The Scope of Knowledge
The far more difficult problem is that an inference to the best explanation defeats the sceptic only if we can defend the principle that underlies such inference against sceptical challenge.
We must be able to show that what appears to us to be a best explanation is likely to be true. In general, the most difficult part of any anti-sceptical epistemology will be to defend the fundamental principles of reasoning or the basic sources through which we seek knowledge. We have seen that we can defend perception as a source of knowledge through an inference to the best explanation.
Similar arguments will be available for memory, knowledge of other minds, and ordinary induction (for example, the best explanation for many coherent memory impressions will appeal to earlier veridical perception or testimony; the best explanation for an observed ratio of instances in a class may well be a deeper or universal regularity, and so on). But this leaves the formidable task of defending the principle of inference on the basis of which these other sources of knowledge can be defended.
In indicating the nature of this defence, we must note first that we cannot know a priori that such fundamental cognitive principles as inference to the best explanation lead to truth. This is not a necessary truth, since sometimes such inference fails; and whether it is generally reliable depends on the type of brains we have and on our relation to our environment. Nor can it be necessary that inference to the best explanation is likely to be reliable. It is hard to imagine how it could be necessary that anything is likely (contrast Bonjour 1998, p. 214).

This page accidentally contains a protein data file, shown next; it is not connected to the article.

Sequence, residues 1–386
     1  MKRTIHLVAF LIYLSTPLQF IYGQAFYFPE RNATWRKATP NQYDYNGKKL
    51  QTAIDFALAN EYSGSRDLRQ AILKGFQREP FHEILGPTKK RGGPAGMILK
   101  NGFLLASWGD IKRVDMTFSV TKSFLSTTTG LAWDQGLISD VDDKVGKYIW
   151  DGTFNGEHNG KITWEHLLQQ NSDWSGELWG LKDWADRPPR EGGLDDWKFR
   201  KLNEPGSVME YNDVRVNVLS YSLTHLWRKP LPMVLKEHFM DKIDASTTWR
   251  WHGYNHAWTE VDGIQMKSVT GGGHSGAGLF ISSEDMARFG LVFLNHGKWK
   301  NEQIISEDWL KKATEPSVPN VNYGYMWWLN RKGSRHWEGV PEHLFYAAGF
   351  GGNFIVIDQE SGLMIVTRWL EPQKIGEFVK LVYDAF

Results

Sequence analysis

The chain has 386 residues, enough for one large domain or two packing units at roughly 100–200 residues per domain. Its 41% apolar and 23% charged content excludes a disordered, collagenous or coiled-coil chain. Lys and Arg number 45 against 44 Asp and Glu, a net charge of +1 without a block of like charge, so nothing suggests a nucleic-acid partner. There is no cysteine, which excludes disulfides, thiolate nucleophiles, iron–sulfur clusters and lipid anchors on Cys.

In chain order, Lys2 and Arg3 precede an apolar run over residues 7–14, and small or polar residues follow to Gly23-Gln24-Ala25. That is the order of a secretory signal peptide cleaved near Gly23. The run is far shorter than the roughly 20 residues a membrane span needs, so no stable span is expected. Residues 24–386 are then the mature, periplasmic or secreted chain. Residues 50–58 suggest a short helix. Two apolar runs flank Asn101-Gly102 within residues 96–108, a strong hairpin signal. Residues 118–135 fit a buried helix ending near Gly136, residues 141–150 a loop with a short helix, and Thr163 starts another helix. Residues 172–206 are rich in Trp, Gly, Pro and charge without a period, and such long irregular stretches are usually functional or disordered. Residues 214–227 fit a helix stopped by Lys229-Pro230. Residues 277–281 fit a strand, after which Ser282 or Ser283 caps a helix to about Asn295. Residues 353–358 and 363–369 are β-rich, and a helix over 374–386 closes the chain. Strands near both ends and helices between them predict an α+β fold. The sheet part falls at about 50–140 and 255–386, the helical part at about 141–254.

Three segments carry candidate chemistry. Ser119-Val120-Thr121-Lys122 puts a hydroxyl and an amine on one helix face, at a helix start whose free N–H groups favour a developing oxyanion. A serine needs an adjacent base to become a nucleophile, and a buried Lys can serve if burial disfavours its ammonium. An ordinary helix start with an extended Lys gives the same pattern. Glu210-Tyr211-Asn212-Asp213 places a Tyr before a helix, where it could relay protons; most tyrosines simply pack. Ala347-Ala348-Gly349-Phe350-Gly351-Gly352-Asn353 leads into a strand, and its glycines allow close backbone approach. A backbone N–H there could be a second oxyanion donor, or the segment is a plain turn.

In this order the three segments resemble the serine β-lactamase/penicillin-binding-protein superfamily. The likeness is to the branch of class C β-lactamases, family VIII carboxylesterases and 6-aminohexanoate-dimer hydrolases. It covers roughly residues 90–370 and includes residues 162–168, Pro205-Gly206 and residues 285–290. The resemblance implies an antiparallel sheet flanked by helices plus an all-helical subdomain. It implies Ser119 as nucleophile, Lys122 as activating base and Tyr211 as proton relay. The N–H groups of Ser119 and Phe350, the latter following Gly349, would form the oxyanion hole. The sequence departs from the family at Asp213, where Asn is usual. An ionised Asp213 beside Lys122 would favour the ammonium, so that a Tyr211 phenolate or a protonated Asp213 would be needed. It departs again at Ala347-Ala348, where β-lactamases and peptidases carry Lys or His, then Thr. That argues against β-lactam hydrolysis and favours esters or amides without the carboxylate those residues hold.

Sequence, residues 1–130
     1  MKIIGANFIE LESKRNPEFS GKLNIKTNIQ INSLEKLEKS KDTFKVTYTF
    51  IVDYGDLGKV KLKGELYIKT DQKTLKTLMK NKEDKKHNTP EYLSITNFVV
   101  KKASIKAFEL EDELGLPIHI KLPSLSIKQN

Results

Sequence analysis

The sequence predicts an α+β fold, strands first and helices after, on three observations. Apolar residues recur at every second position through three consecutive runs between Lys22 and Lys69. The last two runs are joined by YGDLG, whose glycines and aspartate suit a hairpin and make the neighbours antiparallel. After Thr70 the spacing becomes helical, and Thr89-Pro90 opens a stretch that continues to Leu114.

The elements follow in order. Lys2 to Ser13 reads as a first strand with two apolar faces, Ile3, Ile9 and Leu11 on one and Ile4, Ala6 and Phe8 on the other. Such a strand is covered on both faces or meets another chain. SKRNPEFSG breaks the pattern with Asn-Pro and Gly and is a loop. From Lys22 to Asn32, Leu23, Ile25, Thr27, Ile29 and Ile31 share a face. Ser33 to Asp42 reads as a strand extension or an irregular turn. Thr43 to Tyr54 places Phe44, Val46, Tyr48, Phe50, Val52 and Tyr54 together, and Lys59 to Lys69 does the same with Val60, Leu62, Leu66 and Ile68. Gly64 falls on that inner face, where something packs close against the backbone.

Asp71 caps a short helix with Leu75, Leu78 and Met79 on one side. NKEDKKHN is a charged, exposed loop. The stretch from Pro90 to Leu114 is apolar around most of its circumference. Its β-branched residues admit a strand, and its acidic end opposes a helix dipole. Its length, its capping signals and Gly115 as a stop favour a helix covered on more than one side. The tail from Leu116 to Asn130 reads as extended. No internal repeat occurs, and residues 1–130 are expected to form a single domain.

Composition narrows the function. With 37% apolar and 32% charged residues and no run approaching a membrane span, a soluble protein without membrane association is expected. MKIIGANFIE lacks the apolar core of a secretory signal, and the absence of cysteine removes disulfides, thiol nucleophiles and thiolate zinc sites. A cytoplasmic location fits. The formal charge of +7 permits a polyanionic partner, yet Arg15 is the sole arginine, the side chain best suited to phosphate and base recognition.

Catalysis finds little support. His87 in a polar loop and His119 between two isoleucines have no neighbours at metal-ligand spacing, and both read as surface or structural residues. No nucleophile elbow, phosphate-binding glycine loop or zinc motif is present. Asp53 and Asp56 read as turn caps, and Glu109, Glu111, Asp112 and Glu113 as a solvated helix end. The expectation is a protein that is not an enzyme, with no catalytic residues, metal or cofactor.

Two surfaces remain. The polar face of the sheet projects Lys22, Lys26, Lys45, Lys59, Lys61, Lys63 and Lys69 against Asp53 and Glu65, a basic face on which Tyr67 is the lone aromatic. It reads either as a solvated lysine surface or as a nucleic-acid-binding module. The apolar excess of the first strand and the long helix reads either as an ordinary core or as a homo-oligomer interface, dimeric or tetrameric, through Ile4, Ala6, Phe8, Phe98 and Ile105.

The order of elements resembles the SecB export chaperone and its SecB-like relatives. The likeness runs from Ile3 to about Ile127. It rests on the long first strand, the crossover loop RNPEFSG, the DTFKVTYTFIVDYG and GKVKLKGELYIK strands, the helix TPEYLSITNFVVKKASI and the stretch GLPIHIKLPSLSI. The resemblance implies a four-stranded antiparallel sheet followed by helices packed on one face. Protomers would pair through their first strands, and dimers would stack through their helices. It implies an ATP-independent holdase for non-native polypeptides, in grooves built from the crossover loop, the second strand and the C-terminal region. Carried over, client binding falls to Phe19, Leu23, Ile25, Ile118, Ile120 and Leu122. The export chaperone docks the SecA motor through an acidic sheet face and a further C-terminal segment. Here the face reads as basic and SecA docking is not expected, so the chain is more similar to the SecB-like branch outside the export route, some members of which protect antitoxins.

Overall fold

In terms of the possible worlds model of probability, this would mean that in all galaxies or groups of possible worlds, the number of worlds in which the proposition in question is true exceeds the number in which it is false. But how could that be necessary and how could we know that it was: what is to keep the worlds in which the proposition is false from clustering?
In the absence of an a priori defence of inference to the best explanation and other fundamental cognitive principles and practices, we would require an inductive or empirical argument. One promising approach might be to argue that for creatures with such limited physical capacities and instincts as humans, basic cognitive capacities would have been naturally selected for their capacity to provide information or truth necessary to survival. It is plausible that humans would have had to infer correctly the proximity of predators from tracks or predator noises, for example, in order to survive, since they could not outrun them or otherwise protect themselves. There are three major obstacles that a generalised version of such an argument would have to overcome, however. First, there is the question whether, in the environment in which our brains evolved or were selected for their cognitive capacities, truth was in general the key determinant of fitness or utility. Second, a natural next question is whether an affirmative answer to the first one suggests that inferences to explanations far removed from the environment in which natural selection took place continue to be truth preserving. And third, there is the problem of circularity in the argument.